Tuesday, February 26, 2008

The Specter of Copyism v. Blockheaded Authors

Just posted on SSRN: The Specter of Copyism v. Blockheaded Authors: How User-Generated Content Affects Copyright Policy. Here's the abstract:
Technological advances, because they have radically lowered the costs of creating and distributing expressive works, have shaken the foundations of copyright policy. Once, those who held copyrights in sound recordings, movies, television shows, magazines, and the like could safely assume that the public would do little more than passively consume. Now, though, the masses have seized (peacefully acquired, really) the means of reproducing copyright works, making infringement cheap, easy, and, notwithstanding the law's dictates, widespread. Copyright holders thus understandably fear that their customers have begun to treat expressive works like common property, free for all to use. That, the specter of copyism, does risk upsetting copyright policy, leading to a market failure in the production of expressive works. Even as we recognize that threat, however, we should also appreciate that technological advances have greatly reduced the costs of creating and distributing new works of authorship. Thanks to that deflation, we can increasingly count on authors who care little about the lucre of copyright - blockheads, as Samuel Johnson called them - to supply us with original expressive works. This paper describes the economic push and pull between distributed infringement and distributed authorship - between copyism and blockhead-created content, we might say - and how copyright policy should mediate those forces.


This free-standing article comes largely from various parts of chapters 1, 8, and 9 of my draft book, Intellectual Privilege: Copyright, Common Law, and the Common Good. As always, I welcome your comments.

[Posted at Intellectual Privilege, Agoraphilia, and The Technology Liberation Front.]

1 Comments:

Blogger recordjackethistorian said...

As a musician, I’d like to make a rather shocking statement. I think that music has no monetary value. In and of itself, music has no dollar value. I believe that is what the current state of affairs tells us.

I’m not saying that people do not value music highly. To the contrary, they prize it highly. Everyone is impressed when I tell them I play the piano and even more when they find out I can play Mozart and Beethoven. I can enlarge on this idea but there is not space enough.

How do you make sense of what seems to be an impossible situation? First, you must realise the ephemeral nature of music. It is not tangible and therefore does not conform too the usual constraints which allow us to own a car or a piece of property. Copyright law is a piece of fiction which relied on the fact that there was no easy way for the masses to reproduce what they sought to protect. You have already pointed that out.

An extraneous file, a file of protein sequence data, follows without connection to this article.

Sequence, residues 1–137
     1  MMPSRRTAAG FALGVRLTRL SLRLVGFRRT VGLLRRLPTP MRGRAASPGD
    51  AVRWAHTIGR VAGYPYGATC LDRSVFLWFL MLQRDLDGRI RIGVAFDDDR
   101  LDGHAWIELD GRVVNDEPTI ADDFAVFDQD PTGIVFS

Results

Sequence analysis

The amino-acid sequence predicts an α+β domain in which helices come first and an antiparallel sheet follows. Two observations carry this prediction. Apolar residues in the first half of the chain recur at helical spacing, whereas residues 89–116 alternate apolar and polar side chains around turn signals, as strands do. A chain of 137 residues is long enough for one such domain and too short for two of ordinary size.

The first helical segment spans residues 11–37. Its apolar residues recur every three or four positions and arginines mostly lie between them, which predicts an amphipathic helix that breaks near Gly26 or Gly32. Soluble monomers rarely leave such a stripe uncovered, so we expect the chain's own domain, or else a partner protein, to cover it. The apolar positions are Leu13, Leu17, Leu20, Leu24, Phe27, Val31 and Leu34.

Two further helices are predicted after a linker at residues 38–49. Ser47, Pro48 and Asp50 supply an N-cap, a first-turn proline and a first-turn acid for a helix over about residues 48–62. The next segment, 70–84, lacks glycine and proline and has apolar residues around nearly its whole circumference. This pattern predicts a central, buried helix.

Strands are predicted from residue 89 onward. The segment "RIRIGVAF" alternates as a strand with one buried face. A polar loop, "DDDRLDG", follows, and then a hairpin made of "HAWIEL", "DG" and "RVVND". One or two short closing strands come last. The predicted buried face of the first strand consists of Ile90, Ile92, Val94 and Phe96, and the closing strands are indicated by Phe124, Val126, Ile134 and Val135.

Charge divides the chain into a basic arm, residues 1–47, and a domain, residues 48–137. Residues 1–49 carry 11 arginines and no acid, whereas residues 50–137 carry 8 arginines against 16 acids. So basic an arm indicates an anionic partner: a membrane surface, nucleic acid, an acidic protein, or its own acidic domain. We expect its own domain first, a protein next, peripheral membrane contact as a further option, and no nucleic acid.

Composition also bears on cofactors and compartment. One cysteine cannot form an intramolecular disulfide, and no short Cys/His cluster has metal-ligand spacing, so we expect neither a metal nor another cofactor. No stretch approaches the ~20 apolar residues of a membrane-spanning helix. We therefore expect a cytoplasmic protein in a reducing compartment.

The other weekend I walked into a Sekora’s classical recordings shop in Vancouver and was greeted by a store full of people. Many of them made purchases while I was there. I was one of them. I could easily have downloaded what I purchased from the Internet. Why didn’t I? The answer is one word. Packaging. I purchased Volume 7 in Hyperion records Schumannn Songs project. The reason was the way it was packaged. There were extensive, valuable notes along with texts presented in a way which I could not reproduce myself without considerable effort.

The Book publishes like the recording industry have completely missed what it is they do best. That is package and distribute. The Internet can do many things, but it will never be able to enable me to download a package like that .. no assembly required.

Nothing could ever replace the education I found on the backs of Long Playing recordings. I doubt they have realised this, and sadly the response to economic difficulties is that the quality of these additional things has gone down the tubes. It is false economy. They drop what was often the deciding factor in a purchase.

Music by itself is disposable. Hard drives crash, iPods are lost or stolen. The truth is that its easy to make more. So Internet users think of their music collections as disposable, just as ephemeral as the sounds recorded on the CD’s who’s music they rip from its container. The serious collectors out there are still collecting. We always will.

Copyright law as it currently stands is unenforceable, counterproductive, a barrier to education and ultimately, a barrier to vibrant and living culture.

I've tried to say to much in to little space, but this is at least food for thought

Cheers,
David
a.k.a. the Record Jacket Historian

March 3, 2008 at 1:44 AM  

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